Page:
• Offer oyster shells or other types of supplemental calcium free choice. Provide this in a separate container and allow birds to have access 24/7. They’ll take what they need. A hen’s requirement for calcium varies greatly based on her age, stage in the lay cycle, and other factors. Even though layer rations have extra calcium, it still may not be enough. That’s why extra supplemental calcium is essential.
    • Don’t over feed treats. Even though they are good girls and certainly deserve it, don’t give your flock members too many extras. Treats include things like scratch grains and kitchen scraps. These unbalance the diet and can affect eggshell quality.


    Golden Yolks


    There is nothing more beautiful than cracking a fresh egg and seeing a dark golden yolk. Yolk color is affected by the bird’s diet. Birds that free range on dark leafy greens will have darker yolk color due to the carotenoids that occur naturally in the diet. But if you don’t have the space or ability to free range your birds, don’t despair. Providing a feed that includes marigold as an ingredient will provide the carotenoids that give your eggs a dark golden yolk, too. Keep in mind, yolk color has no effect on the nutritional value of the egg.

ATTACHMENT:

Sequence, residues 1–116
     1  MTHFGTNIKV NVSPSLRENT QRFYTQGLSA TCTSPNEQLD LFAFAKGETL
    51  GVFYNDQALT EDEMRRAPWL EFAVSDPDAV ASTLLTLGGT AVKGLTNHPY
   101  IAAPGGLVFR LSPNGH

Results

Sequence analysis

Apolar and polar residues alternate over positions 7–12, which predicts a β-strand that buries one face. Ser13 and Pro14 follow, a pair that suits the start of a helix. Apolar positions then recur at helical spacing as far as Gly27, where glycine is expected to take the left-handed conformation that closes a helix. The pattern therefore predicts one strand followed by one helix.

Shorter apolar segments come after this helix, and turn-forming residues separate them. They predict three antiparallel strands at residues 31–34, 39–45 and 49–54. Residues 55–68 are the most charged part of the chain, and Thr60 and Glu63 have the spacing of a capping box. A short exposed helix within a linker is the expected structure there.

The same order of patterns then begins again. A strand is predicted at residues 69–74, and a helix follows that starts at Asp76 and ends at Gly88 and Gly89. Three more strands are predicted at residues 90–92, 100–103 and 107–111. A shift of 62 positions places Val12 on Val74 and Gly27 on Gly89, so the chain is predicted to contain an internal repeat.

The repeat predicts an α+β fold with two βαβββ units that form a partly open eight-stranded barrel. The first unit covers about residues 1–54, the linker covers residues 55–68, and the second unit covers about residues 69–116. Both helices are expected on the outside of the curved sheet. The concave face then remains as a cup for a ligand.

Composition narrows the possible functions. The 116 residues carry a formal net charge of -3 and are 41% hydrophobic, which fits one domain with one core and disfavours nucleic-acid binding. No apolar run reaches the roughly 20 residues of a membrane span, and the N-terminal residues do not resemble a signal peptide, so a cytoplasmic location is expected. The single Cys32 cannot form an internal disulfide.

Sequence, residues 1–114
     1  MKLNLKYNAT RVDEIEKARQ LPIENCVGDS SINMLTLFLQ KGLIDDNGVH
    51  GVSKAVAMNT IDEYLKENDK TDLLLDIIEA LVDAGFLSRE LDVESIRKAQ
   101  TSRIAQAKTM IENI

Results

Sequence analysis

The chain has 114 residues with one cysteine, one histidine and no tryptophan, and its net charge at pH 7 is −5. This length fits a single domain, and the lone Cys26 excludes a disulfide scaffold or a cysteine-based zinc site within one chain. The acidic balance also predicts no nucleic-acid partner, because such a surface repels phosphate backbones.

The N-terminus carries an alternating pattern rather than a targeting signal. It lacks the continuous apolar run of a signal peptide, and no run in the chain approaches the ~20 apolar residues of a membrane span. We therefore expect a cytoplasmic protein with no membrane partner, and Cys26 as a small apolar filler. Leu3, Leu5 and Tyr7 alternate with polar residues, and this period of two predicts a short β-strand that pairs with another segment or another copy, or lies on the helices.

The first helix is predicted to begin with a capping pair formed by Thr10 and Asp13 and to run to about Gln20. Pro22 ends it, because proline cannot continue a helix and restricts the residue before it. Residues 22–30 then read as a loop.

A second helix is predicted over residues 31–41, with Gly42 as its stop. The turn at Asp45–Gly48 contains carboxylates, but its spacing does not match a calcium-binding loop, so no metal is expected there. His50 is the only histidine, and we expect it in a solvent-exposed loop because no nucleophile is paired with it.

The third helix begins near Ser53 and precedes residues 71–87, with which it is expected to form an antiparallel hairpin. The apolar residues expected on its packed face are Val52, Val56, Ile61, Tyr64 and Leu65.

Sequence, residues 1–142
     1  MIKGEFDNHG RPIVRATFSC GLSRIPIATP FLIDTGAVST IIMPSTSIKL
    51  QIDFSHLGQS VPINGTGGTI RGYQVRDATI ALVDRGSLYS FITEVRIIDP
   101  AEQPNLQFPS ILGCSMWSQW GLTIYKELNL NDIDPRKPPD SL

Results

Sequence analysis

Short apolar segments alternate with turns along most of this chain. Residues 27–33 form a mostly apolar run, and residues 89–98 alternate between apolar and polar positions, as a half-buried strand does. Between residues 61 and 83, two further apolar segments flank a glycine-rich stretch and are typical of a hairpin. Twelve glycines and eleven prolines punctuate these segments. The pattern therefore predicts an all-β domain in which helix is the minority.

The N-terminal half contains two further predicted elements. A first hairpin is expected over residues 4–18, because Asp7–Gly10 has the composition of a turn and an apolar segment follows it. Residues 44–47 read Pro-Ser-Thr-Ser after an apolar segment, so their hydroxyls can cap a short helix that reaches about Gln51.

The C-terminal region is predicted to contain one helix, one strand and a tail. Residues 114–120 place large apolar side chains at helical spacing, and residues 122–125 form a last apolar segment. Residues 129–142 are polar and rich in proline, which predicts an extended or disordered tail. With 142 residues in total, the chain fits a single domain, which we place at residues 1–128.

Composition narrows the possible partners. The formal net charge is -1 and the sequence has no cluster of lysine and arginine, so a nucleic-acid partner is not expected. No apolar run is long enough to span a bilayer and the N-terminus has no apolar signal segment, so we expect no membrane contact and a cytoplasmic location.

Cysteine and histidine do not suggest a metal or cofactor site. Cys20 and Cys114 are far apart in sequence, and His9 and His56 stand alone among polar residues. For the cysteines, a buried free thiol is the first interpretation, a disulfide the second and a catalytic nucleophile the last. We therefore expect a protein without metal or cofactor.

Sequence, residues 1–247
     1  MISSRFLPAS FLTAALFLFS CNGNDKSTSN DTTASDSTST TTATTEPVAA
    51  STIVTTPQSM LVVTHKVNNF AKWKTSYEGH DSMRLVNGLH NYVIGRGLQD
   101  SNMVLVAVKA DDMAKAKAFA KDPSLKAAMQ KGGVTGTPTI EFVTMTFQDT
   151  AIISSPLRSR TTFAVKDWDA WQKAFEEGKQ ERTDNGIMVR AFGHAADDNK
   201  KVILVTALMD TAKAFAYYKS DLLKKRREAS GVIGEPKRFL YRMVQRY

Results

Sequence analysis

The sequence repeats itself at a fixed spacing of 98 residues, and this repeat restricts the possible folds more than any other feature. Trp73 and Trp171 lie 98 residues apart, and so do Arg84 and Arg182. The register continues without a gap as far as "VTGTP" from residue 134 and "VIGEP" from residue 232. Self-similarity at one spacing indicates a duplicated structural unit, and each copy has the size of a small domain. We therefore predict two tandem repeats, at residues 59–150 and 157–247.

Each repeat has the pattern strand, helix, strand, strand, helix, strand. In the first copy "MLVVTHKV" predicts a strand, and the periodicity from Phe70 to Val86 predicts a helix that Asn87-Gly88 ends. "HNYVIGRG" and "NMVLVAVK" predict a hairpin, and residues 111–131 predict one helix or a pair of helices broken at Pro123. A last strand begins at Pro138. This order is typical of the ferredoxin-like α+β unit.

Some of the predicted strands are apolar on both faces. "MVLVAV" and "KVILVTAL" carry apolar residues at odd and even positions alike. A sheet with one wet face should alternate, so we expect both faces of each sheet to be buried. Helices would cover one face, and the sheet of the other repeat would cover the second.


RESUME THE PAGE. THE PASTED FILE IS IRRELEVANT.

Egg Whites


    An egg that stands up in the pan and gives you a delicious egg white is definitely a good goal. One of the best ways to achieve a nice egg white is to ensure your eggs are fresh. Have you ever cracked an egg and noticed that the white is runny or watery? That’s probably because the egg was not as fresh. Eggs that have just recently been plucked from the nest box will tell you how fresh they are by the way the egg white looks – it should hold together well and not be runny.